Keeping flies out of the milking parlor can prove to be challenging. Keeping screens repaired and sanitation in check, along with proper ventilation which will allow the milking area to dry between milking’s will help minimize potential fly populations (Williams, 2010). It is important to read the label of any pesticide product before use to make sure it is labelled for use in the milking area and for proper application methods.
If you graze your cattle and do not keep them in dry lots or free-stall barns they may be attacked by other fly species: horn flies, face flies and horse flies are most common. Horn flies are blood sucking insects that can bite an animal up to 20-40 times per day to feed. This deters grazing and feeding resulting in decreased intake and milk production. Horse flies are typically not as prevalent in pastures unless the pasture is close to a woodland or wet marshy area. The female horse flies will deliver a violent bite with its mouth parts, often causing the animal to bleed after the bite allowing them to feed on the blood from the wound, which can also attract the female face fly. Horse flies will lay their eggs on vegetation near marshes and can have a life cycle from 70 days to 2 years, depending on species (Williams, 2010). The face fly primarily feed on animal secretions around the eyes and nose and are the common means of spreading the pinkeye bacteria, Moraxella bovis. It is important also to note that both the horn fly and face fly lay their eggs in manure so manure management in pastures by dragging will decrease fly breeding grounds. Fly control for cattle going to pasture is best achieved if the animals are forced to pass under low-hanging dust bags or oilers so their face and back get treated. Once again, it is important to check the label of the products used to make sure they are approved for their use in both lactating and non-lactating dairy animals.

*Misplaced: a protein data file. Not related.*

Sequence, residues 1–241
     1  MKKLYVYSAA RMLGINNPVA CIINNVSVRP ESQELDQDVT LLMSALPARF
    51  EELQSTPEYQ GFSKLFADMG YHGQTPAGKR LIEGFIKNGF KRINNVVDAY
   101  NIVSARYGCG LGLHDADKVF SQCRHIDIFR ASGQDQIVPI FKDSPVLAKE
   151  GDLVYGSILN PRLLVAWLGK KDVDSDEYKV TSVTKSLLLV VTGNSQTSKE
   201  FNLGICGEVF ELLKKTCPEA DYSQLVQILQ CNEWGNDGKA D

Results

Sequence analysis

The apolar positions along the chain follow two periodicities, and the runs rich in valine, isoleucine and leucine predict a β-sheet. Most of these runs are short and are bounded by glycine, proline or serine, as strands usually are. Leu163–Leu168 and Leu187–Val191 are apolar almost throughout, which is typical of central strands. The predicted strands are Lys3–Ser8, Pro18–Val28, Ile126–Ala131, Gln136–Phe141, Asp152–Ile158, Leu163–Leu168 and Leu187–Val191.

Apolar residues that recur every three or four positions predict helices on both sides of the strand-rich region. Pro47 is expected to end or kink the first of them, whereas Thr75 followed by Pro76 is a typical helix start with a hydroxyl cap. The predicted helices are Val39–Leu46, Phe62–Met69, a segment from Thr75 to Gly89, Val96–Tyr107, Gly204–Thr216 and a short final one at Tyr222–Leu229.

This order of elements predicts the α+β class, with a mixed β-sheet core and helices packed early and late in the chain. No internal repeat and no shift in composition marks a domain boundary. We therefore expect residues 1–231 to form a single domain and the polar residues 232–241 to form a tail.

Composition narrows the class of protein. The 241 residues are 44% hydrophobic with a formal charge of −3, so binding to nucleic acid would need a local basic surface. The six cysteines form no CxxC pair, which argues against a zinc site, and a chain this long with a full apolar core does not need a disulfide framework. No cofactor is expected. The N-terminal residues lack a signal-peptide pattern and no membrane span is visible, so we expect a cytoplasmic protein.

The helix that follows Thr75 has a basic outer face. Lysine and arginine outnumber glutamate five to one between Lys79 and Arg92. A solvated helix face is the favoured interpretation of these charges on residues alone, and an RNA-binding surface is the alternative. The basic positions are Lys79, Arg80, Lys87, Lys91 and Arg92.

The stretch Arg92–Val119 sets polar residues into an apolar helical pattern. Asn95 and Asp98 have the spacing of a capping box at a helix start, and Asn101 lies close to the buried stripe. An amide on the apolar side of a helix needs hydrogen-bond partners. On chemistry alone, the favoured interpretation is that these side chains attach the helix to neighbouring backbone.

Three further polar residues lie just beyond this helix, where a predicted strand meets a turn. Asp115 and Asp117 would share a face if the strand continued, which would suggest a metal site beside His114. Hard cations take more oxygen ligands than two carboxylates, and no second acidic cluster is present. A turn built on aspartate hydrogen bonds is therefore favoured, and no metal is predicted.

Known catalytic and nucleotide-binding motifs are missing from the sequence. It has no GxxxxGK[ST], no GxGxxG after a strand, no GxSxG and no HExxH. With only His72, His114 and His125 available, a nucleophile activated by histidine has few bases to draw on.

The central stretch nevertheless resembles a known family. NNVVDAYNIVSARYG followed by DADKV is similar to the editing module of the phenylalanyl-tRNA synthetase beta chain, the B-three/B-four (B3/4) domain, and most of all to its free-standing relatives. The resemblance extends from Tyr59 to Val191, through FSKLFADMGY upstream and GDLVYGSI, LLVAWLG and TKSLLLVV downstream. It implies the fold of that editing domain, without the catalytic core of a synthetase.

One area of fly control that is often overlooked on dairies is fly control in calf hutches which may produce enough house and stable flies to be considered an economic problem. These flies act as vectors for viruses and bacteria/agents for diarrhea between calves, not to mention the dangers of maggots during dehorning and around the umbilical cord. Weekly cleaning or moving of hutches to cleaner “sun-dried” areas during the warm summer months will help reduce the breeding ground for these flies.
The Bottom Line
Fly control on dairies is an important pest management consideration that impacts the bottom line by affecting overall animal productivity and health. Sanitation is key in providing effective fly control around the dairy and in pastures.
- Campbell, J. (2005). Dairy Cattle Insect Management. NebGuide. G1141. University of Nebraska Lincoln.
- Westenbroek, P. (2002). Integrated Pest Management for Fly Control in Maine Dairy Barns. University of Maine Bulletin #5002. University of Maine.
- Williams, R. (2010). Controlling Flies on Dairy Farms. Purdue Extension #E-10-W. Purdue University.